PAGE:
The Supreme Court is mulling over a case involving a college graduate who was not allowed to share his faith.
Tuesday, January 12, 2021, the U.S. Supreme Court heard the case of Chike Uzuegbunam and Joseph Bradford -- two students who were stopped by Georgia Gwinnett College officials from sharing their faith publicly on campus in the summer of 2016. (See earlier One News Now story.)
"First, they said I could only speak in the two tiny speech zones, and only then at prescribed times and with a reservation," Chike Uzuegbunam told reporters yesterday in a media call hosted by his attorneys at Alliance Defending Freedom (ADF). "Later, when I was standing in the speech zone I had reserved, I was told I could not speak at all, and all I wanted to do was share the good news of Jesus Christ and how He offers us eternal life freely."
Officials later changed their policies and claimed that was enough to end the students' lawsuit, even though the officials never did anything to remedy the past free-speech violations.
"College officials clearly violated Chike's rights," claims ADF attorney John Bursch in an op-ed published on The Hill's website. "But the district court allowed them to get away with it, dismissing the case because the policy was revoked and because Chike had graduated, after spending his final semesters of college banned from sharing his faith as he desired."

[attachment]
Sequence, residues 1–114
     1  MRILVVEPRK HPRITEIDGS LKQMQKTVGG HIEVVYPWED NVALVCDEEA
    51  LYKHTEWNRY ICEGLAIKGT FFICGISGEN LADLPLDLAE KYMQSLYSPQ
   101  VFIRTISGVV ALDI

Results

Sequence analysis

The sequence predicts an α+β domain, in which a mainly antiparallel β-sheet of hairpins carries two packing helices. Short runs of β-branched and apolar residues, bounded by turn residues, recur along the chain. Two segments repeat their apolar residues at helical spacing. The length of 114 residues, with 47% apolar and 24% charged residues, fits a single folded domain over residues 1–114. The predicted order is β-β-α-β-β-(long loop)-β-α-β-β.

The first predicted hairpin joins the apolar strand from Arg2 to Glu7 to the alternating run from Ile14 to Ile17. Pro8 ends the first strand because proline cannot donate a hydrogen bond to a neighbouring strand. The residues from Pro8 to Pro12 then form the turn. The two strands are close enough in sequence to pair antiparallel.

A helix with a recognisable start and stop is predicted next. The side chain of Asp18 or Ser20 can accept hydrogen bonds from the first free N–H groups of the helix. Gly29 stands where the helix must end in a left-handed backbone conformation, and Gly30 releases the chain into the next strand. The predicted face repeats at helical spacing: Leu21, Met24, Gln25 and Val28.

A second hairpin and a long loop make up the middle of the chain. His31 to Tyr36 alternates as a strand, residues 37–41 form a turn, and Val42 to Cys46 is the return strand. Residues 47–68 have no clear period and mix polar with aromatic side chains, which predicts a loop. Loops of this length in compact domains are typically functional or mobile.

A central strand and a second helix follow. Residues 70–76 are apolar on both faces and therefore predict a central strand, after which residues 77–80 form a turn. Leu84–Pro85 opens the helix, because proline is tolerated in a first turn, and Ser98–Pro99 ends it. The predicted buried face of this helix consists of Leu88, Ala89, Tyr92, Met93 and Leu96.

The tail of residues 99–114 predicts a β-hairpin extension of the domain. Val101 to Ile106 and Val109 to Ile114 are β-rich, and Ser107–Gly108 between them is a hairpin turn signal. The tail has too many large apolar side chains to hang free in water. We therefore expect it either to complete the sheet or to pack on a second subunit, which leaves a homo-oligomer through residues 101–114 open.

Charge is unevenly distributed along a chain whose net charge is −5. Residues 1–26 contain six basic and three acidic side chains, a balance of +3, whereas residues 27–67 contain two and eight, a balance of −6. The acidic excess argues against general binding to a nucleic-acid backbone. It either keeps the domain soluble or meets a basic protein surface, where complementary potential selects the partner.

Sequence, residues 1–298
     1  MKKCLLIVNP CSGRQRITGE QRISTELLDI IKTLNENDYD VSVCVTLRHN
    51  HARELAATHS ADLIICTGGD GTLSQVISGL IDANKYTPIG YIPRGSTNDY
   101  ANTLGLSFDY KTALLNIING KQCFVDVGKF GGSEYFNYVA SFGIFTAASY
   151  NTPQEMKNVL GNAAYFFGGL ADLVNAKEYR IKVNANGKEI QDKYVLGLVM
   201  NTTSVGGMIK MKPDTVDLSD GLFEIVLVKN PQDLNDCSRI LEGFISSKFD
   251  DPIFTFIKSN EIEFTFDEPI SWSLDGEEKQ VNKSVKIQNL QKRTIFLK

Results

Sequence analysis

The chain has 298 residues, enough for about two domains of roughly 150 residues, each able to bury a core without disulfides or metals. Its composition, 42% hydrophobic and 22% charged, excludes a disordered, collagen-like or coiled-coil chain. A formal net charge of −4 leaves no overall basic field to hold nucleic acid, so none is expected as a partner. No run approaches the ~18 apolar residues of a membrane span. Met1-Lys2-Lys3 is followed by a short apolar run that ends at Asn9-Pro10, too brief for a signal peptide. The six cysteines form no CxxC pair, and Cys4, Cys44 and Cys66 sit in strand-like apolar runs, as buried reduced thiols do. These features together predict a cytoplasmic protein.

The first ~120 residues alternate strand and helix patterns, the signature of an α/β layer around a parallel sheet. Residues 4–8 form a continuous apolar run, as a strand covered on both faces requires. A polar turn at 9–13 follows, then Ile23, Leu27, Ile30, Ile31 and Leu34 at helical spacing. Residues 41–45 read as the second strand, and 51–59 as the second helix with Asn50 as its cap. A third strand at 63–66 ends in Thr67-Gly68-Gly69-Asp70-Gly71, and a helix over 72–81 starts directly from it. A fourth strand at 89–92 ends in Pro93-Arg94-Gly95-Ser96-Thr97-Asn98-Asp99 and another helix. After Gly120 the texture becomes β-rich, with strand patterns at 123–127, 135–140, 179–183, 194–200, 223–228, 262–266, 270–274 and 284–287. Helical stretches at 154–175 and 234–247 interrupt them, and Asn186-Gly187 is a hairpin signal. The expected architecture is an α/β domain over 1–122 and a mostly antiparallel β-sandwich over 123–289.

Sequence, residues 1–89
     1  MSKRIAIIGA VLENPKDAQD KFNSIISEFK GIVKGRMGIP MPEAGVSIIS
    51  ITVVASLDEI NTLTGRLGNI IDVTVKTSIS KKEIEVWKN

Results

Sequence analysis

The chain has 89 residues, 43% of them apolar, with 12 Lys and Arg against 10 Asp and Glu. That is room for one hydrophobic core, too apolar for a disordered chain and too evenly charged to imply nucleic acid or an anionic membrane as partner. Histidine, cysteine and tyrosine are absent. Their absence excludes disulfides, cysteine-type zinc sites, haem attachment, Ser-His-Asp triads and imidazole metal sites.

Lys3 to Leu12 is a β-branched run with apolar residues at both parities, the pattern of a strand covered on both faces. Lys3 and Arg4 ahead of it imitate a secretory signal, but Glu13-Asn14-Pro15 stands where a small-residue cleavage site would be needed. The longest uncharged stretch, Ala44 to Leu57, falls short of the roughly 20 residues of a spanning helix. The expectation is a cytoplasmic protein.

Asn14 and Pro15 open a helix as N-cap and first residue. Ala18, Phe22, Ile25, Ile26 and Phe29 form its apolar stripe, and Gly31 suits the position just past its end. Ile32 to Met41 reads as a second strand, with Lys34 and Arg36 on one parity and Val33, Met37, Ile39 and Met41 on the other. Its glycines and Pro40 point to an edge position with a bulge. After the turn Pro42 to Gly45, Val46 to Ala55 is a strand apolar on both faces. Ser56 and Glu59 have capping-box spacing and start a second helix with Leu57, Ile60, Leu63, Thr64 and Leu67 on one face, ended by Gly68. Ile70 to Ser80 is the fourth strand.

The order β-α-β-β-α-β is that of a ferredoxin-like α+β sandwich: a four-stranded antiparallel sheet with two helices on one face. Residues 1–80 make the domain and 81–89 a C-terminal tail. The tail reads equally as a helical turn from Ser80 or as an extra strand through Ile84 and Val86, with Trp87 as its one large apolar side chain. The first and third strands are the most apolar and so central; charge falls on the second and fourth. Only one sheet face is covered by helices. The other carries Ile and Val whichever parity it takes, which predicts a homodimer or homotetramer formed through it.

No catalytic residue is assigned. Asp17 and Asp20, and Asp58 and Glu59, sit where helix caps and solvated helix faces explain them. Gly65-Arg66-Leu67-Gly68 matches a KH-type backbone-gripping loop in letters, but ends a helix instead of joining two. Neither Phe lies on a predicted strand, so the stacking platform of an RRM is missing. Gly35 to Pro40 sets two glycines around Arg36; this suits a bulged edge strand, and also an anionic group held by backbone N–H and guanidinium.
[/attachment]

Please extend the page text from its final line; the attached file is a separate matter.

The U.S. Court of Appeals for the 11th Circuit agreed with the district court.
Chike Uzuegbunam is seeking nominal damages.
"Nominal damages redress a constitutional injury when a plaintiff is unable or does not want to put a dollar figure on a lost right, and we need nominal damages awards to ensure that our rights are scrupulously observed," writes Bursch. "If citizens cannot obtain meaningful redress when the government acts unlawfully, our rights will be violated more frequently. A right that cannot be enforced is no right at all."
"It is difficult to quantify the value of lost speech," ADF attorney Kristen Waggoner told reporters in the media call. "Chike will never get those days back, and he will never have the opportunity to speak to those students in the student plaza again. You can't put an easy price tag on that."
Over two dozen groups, including the American Center for Law and Justice, the Christian Legal Society, the American Humanist Association, and the Council on American-Islamic Relations (CAIR), have filed amicus briefs supporting Chike Uzuegbunam and Joseph Bradford.
The case is known as Uzuegbunam v. Preczewski.